Waits was also responsible for two other musicals, which later became albums released simultaneously in 2002. One was the musical “Blood Money,” which covers the “Woyczek” theme of Georg Büchner. This one is one of the darkest works from Waits. The other musical is based on Lewis Carroll’s classic children’s novel, “Alice’s Adventures in Wonderland”. “Alice” is very romantic, dreamy and soft, and contains one of Waits most romantic songs. Even though they were released at the same time, the bootlegs of the “Alice” musical were long before traded between fans and were just rearranged and re-mastered for the official release.
Besides many film contributions as composer – the Internet Movie Database imdb.com lists 47 appearances of Waits as composer and 38 soundtracks containing songs by Waits - he also is an actor with a total of 25 appearances, ranging from some mini-roles as a trumpeter in “Heart of Saturday Night” and the R. M. Renfield in “Bram Stoker’s Dracula” to the major role of Zack in Jim Jarmusch’s “Down by Law”. He recently appeared in Roberto Benigni’s “The Tiger and the Snow”, playing You Can Never Hold Back Spring at Benigni’s wedding dream. Even more recently, Waits played Mr.Nick (the Devil) in Terry Gilliam’s “The Imaginarium of Dr. Parnussuss”.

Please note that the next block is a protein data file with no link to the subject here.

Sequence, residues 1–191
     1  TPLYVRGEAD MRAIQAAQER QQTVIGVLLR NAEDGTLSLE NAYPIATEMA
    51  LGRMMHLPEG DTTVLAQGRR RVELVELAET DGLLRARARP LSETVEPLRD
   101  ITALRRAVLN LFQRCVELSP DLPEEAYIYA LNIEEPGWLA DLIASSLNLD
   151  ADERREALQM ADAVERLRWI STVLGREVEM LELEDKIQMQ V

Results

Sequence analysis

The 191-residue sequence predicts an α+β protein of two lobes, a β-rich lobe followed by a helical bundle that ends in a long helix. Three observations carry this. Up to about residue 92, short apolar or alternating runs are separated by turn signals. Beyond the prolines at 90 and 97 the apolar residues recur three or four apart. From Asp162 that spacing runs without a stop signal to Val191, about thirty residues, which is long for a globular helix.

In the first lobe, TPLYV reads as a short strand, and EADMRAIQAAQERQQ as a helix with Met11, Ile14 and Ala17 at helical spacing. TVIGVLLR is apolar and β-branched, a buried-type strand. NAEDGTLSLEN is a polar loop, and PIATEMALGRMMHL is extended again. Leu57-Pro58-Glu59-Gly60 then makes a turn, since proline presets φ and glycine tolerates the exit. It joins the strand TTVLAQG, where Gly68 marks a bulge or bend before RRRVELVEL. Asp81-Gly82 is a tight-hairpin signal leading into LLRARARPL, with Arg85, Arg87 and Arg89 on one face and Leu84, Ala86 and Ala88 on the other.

In addition to a number of concert videos, he also appeared in the critically-acclaimed concert feature film “Big Time” (1990).
Waits has always refused to allow the use of his songs in commercials. He has filed several lawsuits against advertisers for using his material without permission. Waits also successfully sued an advertiser for using a work that was stylistically similar to his work, after he had declined to sell them the rights to his song. He has been quoted as saying, “Apparently the highest compliment our culture grants artists nowadays is to be in an ad — ideally naked and purring on the hood of a new car. I have adamantly and repeatedly refused this dubious honor.”
Here is an archive of some of Tom’s best quotes:
Edited by jazzthieve on 20 Jan 2013, 21:19